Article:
A weird thing happened during Justified‘s second season: The supporting and guest cast became so good, it was difficult not to talk about Walton Goggins, Margo Martindale, Jeremy Davies, etc. each and every week. The cast is so deep on that series that it sometimes becomes a bit easy to not talk about how freaking tremendous its lead is. Timothy Olyphant raised his game to meet in season two, allowing Raylan to become a much more complicated, conflicted and damaged character. In season one, Raylan was mostly a bad-ass. In season two, Raylan was rarely a bad-ass. He was consistently distracted, upset and disjointed and oftentimes, outwitted by the more mischievousness characters. The series deconstructed the typical outlaw hero throughout season two and Olyphant’s performance made that possible. He was asked to play more beats more consistently and handled himself very well.
Donal Logue, Terriers
This is where we move into major dream territory. Terriers‘ infectious shaggy-dog nature only worked because it starred one of the best shaggy-dog performers around. Donal Logue has proven he can handle all sorts of material, but no role allowed him to present all his skills within one character. Hank Dollworth wasn’t always the most likable or respectable character, but man was he compelling to watch. He screwed up on a regular basis and constantly got himself and his friends into situations he could only just barely escape and Logue made sure the audience felt every wrench of discomfort, pain and sadness Hank went through in those situations. Without question, this is one of my favorite performances of the year and unfortunately the least likely of my six choices to be nominated for real.
Peter Krause, Parenthood
It’s odd to think that Peter Krause, three-time nominee in this category for his work on Six Feet Under, is a fairly solid underdog now. There are a number of factors for this. First, this is a jam-packed category with very little wiggle room for new nominees. Second, not enough people watch Parenthood, which is a substantial shame in its own right. And third, Parenthood isn’t a series with a capital-l Lead, which might hurt Krause’s chances just a little. I’d argue that he and Lauren Graham are the leads and even though some of the supporting characters were given meatier storylines in season two, Krause’s Adam is the intense, but grounded center that the drama needs. His work isn’t spectacularly showy or dramatic, but Krause knows how to turn on the frustration and anger that is required of the “responsible one” in a massive family. Oftentimes in season two, Adam was overbearing and annoying in regards to who his oldest daughter’s love life, but Krause did good work balancing the raw honesty of that kind of parenting without letting his character become too unlikable.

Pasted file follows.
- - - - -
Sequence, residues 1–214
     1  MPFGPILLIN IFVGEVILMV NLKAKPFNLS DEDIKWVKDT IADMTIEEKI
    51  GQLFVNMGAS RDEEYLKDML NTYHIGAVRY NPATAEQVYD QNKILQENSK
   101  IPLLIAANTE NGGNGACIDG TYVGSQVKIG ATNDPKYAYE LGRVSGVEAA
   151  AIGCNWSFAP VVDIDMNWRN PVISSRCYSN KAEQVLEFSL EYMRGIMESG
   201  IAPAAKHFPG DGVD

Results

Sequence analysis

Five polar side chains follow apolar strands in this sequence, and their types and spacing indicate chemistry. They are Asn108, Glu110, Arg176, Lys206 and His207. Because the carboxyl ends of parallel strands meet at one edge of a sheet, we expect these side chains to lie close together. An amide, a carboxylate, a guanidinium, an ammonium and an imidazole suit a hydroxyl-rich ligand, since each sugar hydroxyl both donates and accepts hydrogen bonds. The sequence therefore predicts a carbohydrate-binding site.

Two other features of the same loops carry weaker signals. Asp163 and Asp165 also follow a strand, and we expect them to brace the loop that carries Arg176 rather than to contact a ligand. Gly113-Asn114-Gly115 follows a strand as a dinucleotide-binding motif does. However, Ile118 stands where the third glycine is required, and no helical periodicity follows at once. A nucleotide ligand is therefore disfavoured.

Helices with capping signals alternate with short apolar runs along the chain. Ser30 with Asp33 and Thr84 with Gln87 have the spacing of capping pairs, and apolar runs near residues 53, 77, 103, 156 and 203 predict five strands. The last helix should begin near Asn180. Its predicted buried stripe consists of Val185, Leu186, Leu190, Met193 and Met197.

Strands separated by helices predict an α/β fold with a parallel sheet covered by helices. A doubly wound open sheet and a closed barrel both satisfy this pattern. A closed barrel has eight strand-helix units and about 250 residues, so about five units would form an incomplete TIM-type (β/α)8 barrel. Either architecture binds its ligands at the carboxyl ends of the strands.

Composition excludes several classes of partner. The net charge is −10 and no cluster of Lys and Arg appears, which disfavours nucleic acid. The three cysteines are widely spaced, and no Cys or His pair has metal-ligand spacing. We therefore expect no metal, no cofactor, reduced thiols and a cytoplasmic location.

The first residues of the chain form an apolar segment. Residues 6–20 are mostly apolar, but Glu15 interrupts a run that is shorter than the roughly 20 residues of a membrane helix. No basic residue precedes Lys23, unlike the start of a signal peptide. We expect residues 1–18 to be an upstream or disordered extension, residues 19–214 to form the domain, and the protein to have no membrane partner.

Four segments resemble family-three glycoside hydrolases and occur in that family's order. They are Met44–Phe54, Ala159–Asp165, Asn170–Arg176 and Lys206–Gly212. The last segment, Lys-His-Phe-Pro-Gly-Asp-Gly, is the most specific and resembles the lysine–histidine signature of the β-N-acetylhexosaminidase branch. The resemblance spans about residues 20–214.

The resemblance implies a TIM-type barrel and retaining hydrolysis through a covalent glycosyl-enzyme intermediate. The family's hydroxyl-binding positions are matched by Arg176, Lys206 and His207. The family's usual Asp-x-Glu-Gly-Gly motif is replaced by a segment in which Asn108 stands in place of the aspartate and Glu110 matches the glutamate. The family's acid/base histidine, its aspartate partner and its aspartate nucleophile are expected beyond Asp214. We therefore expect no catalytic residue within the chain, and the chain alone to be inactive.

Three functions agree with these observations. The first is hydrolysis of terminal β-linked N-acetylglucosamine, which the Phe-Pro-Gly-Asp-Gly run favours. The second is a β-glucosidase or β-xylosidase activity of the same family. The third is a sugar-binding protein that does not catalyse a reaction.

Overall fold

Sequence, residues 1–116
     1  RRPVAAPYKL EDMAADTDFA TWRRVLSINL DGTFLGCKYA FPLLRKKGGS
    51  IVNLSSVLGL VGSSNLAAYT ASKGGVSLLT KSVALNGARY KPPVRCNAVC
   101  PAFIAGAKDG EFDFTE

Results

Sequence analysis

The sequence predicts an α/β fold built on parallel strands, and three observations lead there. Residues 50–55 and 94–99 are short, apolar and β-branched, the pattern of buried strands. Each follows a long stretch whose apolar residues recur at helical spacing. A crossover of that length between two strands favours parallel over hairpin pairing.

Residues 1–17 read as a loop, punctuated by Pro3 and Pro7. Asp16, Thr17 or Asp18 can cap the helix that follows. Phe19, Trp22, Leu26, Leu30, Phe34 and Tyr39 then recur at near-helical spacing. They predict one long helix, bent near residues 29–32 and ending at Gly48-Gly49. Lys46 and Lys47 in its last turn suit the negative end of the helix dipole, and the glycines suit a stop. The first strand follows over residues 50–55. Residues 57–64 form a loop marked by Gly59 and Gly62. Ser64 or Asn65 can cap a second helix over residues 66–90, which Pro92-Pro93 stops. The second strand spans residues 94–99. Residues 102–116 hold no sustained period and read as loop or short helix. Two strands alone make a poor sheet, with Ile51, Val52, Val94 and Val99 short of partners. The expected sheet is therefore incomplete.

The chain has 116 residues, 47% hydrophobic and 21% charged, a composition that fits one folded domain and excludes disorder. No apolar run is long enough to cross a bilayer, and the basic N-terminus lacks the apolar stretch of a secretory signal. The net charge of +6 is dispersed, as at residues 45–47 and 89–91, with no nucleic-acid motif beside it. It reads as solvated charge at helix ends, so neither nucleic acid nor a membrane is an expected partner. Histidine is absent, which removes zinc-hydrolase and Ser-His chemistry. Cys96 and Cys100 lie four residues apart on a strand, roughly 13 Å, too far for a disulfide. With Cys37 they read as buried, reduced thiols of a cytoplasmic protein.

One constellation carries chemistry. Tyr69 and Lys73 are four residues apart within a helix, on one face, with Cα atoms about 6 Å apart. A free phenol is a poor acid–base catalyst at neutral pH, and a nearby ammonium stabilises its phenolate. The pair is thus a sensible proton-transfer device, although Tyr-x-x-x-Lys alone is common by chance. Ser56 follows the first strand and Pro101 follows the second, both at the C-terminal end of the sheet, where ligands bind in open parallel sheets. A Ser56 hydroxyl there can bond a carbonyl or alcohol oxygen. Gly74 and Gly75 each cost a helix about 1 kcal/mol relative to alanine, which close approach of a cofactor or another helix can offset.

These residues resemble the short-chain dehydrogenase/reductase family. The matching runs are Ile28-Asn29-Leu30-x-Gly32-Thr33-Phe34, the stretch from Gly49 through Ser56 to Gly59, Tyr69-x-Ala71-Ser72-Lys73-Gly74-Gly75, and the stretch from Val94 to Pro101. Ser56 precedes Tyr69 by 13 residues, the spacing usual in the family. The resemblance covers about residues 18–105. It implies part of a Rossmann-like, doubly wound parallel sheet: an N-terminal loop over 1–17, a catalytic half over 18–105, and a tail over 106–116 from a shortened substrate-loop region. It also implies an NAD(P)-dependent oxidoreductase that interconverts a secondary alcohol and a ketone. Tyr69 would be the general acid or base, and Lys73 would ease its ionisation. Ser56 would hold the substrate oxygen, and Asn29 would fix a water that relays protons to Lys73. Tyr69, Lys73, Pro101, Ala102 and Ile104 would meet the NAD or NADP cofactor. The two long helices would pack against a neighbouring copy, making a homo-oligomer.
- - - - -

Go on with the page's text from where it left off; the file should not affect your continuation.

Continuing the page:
James Badge Dale, Rubicon
There is absolutely no question that James Badge Dale will not be nominated in this category. Not only will Emmy voters have forgotten Rubicon (or worse, never even known what it was to begin with), but Badge Dale’s performance isn’t the kind that usually catches the eyes of the voting committee. For the majority of Rubicon‘s lone season, Badge Dale spent his time looking intensely off into the distance, sometimes down dark alleys and other times on the top of rooftops. He is a performer who is excellent at portraying a deep and conflicted thinker with a heart and somehow, it’s never boring. As his will Travers started to rethink his own genius mind and let the conspiracy take hold of him, Badge Dale became unhinged, but still relatively controlled and subtle. The paranoid vibe of Rubicon would have never worked had Badge Dale not been so wonderful.
Notable performers left just off the list: Hugh Laurie, House; Michael C. Hall, Dexter; Steve Buscemi, Boardwalk Empire; Jason Clarke, The Chicago Code